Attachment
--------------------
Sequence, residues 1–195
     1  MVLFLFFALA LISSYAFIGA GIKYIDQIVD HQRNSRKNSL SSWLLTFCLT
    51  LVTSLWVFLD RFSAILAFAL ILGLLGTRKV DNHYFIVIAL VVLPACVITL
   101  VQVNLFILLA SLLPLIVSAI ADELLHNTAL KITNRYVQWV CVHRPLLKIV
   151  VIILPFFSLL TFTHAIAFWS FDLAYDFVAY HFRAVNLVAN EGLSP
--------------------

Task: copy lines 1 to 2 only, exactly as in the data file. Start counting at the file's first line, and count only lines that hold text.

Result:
Sequence, residues 1–195
     1  MVLFLFFALA LISSYAFIGA GIKYIDQIVD HQRNSRKNSL SSWLLTFCLT